I left Venezuela 10 years ago to study and work across different countries: Italy, Spain, Argentina and United Arab Emirates. I was living my dream, which was to travel and live and work in different countries and cities as a lifestyle and to have my passport full of stamps. I was living in Dubai for almost two years when I decided to do a big change in my life for personal reasons. I wasn’t sure where to go so I did research about jobs, then after one month, I moved to St. Maarten to work. The island has been my home since 2013 and I love it.

Why did you decide to enter the St. Maarten Chamber of Commerce and Industry Art Competition?

I read about the details of the Art Competition, which had been published in The Daily Herald and I thought it was a great opportunity to do something new where art and creativity were involved. I think it was a great initiative for the Chamber of Commerce and Industry to offer an opportunity for local artists to showcase their work.

Tell us about the process to create your winning pieces.

I decided to participate in the 3D category which required building furniture (stools/chairs) with repurposed materials with a seating capacity for four persons. As requested by the guidelines, I decided to create five benches using repurposed materials coming from a local St. Maarten company. I chose The Daily Herald for this purpose and collected carton board rolls paper left over from the printing process. Some of the rolls came with extra paper so I decided to use both materials to prepare my pieces. Some of the carton boards were cut to create the height necessary to build the benches. The concept was to depict the colourful vibes of St. Maarten, transformed from neutral and plain surfaces. I also used acrylic paint, spray paint, multipurpose glue and liquid nails as my raw materials.

How do you feel about winning the Chamber competition?

It was unexpected and it feels awesome. I put a lot of energy into my design and I was very happy with the results.

You are also a published author; please elaborate on what you’ve published.

A year ago in August 2015, I published a Spanish eBook entitled Pasa, sucede y acontece which contains 10 stories written in normal form. Each story is based on true events and persons who I met in different parts of the word. The stories focus on the human relationships. Currently, I’m working on the English version.

What do you do outside of architecture?

I also like to write short stories and make illustrations. I would like to develop my work as a writer in the future, maybe along with my own illustrations. I think I have a lot of stories to tell from all my travels over the past 10 years.

Future plans?

Since the art competition organised by COCI, I have more ideas to create furniture with recycled materials and another version of the original benches I created. I also started a sketch for a novel based on people I met on the island, but one which continues from the topic of my first book about relationships and the thin line between love and hate. I like the challenge and I focus on how to build the characters, express their feelings and depict scenarios.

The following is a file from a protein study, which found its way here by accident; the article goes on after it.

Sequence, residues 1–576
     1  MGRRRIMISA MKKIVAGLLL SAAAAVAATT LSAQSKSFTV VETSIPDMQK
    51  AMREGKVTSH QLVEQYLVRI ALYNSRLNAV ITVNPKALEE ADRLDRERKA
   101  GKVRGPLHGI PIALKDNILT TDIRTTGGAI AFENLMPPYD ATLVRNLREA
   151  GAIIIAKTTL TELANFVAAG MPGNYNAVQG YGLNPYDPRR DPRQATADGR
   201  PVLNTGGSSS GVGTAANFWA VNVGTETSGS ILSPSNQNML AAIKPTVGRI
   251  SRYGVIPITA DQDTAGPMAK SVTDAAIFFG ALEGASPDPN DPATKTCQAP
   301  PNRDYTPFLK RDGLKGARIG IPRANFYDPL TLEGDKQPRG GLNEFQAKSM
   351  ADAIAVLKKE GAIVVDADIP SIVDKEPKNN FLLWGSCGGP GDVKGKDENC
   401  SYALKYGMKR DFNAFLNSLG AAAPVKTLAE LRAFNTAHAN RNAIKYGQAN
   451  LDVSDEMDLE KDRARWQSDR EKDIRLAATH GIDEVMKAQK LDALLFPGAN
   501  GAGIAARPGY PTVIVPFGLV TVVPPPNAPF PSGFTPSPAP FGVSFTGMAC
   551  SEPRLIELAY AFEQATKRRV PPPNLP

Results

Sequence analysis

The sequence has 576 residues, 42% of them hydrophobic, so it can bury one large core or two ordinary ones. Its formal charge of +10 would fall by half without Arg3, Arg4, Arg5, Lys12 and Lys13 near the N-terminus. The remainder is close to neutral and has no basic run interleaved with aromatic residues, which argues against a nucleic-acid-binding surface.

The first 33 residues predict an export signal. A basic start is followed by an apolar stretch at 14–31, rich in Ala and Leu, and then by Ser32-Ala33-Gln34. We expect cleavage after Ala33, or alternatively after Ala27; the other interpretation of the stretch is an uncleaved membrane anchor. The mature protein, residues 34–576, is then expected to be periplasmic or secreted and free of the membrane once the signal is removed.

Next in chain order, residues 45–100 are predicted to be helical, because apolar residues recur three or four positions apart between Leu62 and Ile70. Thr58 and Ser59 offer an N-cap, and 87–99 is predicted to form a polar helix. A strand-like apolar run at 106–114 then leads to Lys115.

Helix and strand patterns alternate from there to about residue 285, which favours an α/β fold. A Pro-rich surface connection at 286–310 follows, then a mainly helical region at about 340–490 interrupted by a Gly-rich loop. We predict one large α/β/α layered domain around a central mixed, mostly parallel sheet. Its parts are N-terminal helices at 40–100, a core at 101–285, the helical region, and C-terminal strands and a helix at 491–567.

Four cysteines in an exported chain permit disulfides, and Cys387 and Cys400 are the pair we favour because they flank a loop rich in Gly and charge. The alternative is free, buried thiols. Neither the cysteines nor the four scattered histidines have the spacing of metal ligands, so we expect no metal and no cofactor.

What is your advice to youths?

Never believe the persons who tell you that you will never accomplish your goals. This is toxic. I think you have to learn to trust in your own capabilities and that is an individual process.

Tell us something about yourself that no one else knows?

I read biographies. If I hear about an artist, writer or politician, I have the compulsive habit of going and reading about them, their stories, their work… everything.

Pet peeve and why?

When persons don’t answer when you say good morning; I think this is rude.

Biggest fear?

Not seeing my family for a long period of time.

Favourite quote?

If it is meant to be, it will be.

Role models?

My parents! They are the best teachers I could ever have imagined; also my adoptive mother in St. Maarten. She’s an oracle.

What’s your favourite type of music; what artistes do you listen to?

I’m Latin so I listen to a lot of Latin bands such as Soda Stereo (an Argentinean rock band), Los Fabulosos Cadillacs and my favourite band Los Amigos Invisibles – a Venezuelan band that plays a blend of disco, acid jazz and funk. Since I moved to St. Maarten, I also love soca music.

If you could ask any three persons (dead or alive) to a dinner party, who would they be and what would you cook for them?

I love to meet new people so I would choose three random persons on the street and surprise them with a delicious Arepas (typical dish from Venezuela). I think it will be a good way to break the ice and start to make new friends.